Advent is a time of anticipation for the celebration of the birth of Christ and a time to reflect on the meaning of Christ’s presence in the here and now and his second coming in the future.
During the Advent season, we hear stories of faith, courage and giving of one’s self for others. Jesus, born of a human mother, Mary, became one of us in every way but sin and selflessly gave his life to redeem sinners. Mary, a young woman of faith, trusted God and accepted becoming the mother of Christ, knowing that in the eyes of her neighbors this would make her an unwed mother, possibly even subject to stoning.
Joseph, her betrothed, in his faithfulness trusted God and accepted the role of husband and protector of Mary, knowing that would at least cause some of his neighbors to ridicule him for having an unfaithful wife. Joseph’s faith gave him, a carpenter from Nazareth, the courage to lead his wife and child to a foreign country, the journey fraught with peril from robbers or Herod’s men seeking to kill them.
Within this Advent season, we have a medical crisis across the spectrum of health care needs, exacerbated by the COVID-19 pandemic. For instance, Iowa Capital Dispatch reported that 777 people infected by the coronavirus were receiving inpatient treatment at Iowa hospitals Dec. 8, the highest number yet this year, according to state data. “Hospitals are in a staffing crisis,” said Jennifer Nutt of the Iowa Hospital Association. The Capital Dispatch also reported that state officials are in the process of hiring 100 temporary nurses and respiratory therapists to help alleviate those shortages at 17 facilities that provide higher levels of care.
Iowa’s bishops recently launched a video campaign urging vaccination for the common good, as does Pope Francis. The unvaccinated represent the majority of COVID-19 patients who are hospitalized and dying. That leaves other patients waiting for elective surgery and some waiting for hours in the emergency rooms. Hospitals in our diocese report a strain on available beds and the staff to care for patients. The stress on medical personnel is causing job loss due to burnout or their own illnesses, while people with heart conditions, injuries from accidents and other healthcare challenges are competing with COVID-19 patients for treatment.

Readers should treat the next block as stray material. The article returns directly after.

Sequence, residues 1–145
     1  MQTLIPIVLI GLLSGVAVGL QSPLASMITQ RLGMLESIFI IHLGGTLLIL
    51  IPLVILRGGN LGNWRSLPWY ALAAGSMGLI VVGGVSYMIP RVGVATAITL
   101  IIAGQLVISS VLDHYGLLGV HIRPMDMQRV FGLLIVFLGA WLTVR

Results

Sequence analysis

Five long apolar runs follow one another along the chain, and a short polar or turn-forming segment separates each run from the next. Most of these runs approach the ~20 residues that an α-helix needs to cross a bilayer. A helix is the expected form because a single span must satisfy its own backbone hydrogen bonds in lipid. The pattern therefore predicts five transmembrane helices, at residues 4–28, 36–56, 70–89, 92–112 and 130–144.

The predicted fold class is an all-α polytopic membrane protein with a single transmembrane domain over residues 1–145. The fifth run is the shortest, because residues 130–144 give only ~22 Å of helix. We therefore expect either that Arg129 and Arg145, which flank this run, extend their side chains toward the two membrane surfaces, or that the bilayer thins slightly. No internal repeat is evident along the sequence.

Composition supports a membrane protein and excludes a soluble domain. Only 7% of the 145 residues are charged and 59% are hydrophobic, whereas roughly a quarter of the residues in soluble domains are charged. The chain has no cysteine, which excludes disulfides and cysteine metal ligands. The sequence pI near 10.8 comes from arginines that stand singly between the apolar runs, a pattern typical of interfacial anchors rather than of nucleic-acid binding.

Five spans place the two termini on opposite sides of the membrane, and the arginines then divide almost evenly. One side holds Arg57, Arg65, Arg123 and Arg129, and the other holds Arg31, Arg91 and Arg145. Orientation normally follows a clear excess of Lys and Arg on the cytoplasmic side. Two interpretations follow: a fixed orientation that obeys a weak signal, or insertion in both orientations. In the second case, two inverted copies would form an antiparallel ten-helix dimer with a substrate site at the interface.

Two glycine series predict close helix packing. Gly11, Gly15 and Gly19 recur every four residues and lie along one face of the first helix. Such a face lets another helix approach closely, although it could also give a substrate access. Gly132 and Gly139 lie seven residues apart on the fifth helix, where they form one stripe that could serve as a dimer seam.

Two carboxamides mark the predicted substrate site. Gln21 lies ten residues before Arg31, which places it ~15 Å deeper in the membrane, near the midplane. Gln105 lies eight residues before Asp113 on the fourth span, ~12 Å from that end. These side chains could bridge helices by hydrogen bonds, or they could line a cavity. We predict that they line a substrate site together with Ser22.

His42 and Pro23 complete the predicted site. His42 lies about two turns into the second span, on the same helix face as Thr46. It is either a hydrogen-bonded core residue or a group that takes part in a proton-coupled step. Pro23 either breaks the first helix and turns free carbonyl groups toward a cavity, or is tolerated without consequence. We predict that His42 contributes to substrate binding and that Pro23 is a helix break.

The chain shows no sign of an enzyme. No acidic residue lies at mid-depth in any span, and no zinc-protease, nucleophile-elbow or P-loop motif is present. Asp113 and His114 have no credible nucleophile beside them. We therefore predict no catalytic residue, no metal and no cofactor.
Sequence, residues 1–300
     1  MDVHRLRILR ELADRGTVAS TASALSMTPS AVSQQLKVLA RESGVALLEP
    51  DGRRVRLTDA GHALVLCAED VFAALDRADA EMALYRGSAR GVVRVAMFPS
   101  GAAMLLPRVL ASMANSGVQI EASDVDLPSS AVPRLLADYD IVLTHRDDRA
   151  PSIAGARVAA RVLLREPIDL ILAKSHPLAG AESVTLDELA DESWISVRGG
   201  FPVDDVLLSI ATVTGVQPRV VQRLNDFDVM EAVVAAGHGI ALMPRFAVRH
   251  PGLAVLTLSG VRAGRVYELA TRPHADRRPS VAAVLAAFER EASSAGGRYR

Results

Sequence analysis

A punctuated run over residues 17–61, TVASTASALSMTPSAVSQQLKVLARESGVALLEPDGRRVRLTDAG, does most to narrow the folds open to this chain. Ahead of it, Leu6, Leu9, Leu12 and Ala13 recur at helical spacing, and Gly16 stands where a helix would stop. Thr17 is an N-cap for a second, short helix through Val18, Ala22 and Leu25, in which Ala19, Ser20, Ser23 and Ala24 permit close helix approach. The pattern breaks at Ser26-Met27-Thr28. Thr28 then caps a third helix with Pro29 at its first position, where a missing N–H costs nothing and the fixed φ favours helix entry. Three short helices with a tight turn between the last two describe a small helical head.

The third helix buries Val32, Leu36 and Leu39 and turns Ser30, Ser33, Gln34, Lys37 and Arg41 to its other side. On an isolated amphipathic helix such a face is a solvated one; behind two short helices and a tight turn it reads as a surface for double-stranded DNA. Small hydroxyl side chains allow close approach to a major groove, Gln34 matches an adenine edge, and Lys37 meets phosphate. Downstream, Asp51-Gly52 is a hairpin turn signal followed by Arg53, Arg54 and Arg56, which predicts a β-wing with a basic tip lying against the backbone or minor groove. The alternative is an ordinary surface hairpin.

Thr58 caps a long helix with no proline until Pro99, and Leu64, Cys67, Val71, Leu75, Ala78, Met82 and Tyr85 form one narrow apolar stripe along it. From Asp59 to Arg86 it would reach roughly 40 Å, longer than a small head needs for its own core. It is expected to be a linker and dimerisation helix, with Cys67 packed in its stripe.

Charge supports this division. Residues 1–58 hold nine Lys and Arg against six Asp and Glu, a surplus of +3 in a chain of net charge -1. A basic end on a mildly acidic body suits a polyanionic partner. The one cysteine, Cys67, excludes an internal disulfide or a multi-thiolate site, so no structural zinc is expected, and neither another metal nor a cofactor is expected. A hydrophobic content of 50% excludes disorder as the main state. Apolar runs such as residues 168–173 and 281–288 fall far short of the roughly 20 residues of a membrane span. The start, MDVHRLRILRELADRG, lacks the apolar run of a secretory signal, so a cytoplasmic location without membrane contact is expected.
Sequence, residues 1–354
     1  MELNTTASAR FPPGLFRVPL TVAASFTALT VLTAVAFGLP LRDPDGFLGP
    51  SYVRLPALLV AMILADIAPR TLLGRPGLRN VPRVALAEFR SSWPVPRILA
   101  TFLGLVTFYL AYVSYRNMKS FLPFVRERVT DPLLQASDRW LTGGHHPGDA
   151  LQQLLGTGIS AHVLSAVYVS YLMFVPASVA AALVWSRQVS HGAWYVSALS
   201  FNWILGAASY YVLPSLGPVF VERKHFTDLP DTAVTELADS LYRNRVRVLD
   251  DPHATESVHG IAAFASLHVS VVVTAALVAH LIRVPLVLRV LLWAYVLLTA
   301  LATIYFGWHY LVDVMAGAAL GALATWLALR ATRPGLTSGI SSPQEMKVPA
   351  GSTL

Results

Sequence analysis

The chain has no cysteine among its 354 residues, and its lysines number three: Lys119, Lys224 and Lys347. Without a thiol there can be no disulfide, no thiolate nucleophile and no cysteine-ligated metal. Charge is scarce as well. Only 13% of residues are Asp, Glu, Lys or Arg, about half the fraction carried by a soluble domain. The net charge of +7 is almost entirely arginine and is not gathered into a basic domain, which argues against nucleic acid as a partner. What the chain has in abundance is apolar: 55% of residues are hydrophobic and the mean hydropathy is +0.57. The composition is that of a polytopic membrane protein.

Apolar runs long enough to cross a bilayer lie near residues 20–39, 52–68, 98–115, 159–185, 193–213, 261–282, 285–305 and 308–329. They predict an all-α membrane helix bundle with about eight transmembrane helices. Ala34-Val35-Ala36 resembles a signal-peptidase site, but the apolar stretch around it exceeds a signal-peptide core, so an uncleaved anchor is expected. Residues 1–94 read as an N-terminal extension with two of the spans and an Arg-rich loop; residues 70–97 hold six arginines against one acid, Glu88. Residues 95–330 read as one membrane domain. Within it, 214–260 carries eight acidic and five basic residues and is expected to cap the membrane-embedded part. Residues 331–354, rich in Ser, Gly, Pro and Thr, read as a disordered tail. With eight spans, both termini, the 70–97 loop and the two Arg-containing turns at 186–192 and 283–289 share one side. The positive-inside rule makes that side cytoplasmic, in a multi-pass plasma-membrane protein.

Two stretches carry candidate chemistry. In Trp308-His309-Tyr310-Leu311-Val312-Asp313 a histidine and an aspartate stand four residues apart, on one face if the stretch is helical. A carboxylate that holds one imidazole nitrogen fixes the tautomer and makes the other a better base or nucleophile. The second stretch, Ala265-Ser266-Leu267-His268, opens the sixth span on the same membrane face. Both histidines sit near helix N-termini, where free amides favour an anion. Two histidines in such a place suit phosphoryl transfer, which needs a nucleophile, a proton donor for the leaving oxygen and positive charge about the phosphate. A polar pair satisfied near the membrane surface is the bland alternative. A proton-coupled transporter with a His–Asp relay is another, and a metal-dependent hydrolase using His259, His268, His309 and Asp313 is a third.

Even neighborhoods are feeling the impact of COVD-19. Pharmacies in many parts of the diocese are closing for additional days or cutting business hours to preserve the sanity of limited staff and their ability to work carefully. Some people who declined the opportunity to get vaccinated to protect their loved ones are living, and dying, with the consequences. Others remain in the hospital for an extended period.
Safe, effective vaccines are widely available. This Advent, we pray for all to have the courage and willingness to make personal sacrifices for the good of self, loved ones and others. Please go to your local pharmacy or other community sites providing vaccinations. Encourage your loved ones to do the same.
(Glenn Leach is a member of St. Ann Parish in Long Grove and a volunteer with the Diocese of Davenport’s Social Action and Immigration offices.)